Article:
Taking care of yourself throughout your pregnancy is the best possible prevention for preterm birth. This means avoiding habits like overeating and smoking are recommended. Sometimes, women who remain healthy still deliver preterm without reasonable explanation. However, there are studies suggesting a very obvious and physical predictor as to whether or not you will deliver your baby preterm.

Upon delivery, your cervix will slowly open up and dilate so that your baby can be pushed out. Some women have a shorter cervix than others, and this physical characteristic might change the course of natural labor. Women with a shorter cervix are more likely to give birth preterm. Preterm labor, defined as birth before 37-weeks of pregnancy, is more common in these women because it is easier for the baby to fit through the birth canal even before it is fully dilated. The amniotic sac will begin bearing down on the opening as the baby grows heavier, and labor contractions could begin.

When you become pregnant, you should consider getting an ultrasound to determine your cervical length. If you know your cervix is shorter than normal, you can prepare yourself for preterm labor. Even if you don’t take the measures to prevent it, preterm labor will be safer if you and your physician are prepared to take on the challenge. If your physician determines that there is a good chance you might deliver preterm, he or she might suggest you get a cervical cerclage, or a stitching of the cervix to prevent labor before the 37th week. You may also be advised to take bed rest in your last trimester to prevent any unnecessary pressure on the birth canal.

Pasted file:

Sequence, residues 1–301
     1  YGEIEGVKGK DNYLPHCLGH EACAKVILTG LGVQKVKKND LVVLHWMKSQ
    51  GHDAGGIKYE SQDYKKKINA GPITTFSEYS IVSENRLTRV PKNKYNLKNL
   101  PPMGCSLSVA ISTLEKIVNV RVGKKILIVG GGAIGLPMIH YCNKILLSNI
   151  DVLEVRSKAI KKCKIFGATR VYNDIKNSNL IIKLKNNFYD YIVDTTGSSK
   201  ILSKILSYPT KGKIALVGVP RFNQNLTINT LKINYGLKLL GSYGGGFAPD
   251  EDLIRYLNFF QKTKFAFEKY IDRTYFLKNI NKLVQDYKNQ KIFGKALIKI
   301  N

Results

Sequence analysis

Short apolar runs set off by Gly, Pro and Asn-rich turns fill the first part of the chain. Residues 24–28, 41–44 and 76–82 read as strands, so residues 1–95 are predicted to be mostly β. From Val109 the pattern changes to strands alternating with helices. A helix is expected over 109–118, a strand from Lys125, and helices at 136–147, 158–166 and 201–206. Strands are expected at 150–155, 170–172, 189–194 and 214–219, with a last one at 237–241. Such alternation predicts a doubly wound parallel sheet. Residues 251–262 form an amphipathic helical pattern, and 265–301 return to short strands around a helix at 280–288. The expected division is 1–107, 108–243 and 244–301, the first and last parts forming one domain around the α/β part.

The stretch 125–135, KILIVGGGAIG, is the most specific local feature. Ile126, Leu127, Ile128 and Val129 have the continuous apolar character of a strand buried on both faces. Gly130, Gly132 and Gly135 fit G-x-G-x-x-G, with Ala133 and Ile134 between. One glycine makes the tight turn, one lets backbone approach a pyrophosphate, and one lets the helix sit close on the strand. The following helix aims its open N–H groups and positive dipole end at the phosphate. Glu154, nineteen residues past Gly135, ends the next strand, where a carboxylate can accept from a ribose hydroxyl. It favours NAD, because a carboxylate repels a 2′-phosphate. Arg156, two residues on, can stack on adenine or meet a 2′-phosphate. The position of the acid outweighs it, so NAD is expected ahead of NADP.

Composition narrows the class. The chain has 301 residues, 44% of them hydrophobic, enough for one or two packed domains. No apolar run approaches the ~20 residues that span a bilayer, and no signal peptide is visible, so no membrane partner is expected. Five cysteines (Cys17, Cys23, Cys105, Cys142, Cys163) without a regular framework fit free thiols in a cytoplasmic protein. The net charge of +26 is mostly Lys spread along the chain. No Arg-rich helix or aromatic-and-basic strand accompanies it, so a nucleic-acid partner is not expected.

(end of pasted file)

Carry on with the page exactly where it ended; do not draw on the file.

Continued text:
A short cervix is probably not a feature you’ve ever included in a physical description of yourself, but when you become pregnant, it could become the difference between a preterm infant and a baby that has grown to term. Talk with your physician about the length of your cervix to find out whether or not it could pose a problem someday.

Source:  Khandelwal, Dr. Meena. Cervical Length Screening to Reduce Preterm Birth.  Ob.Gyn. News. 3 October 2012.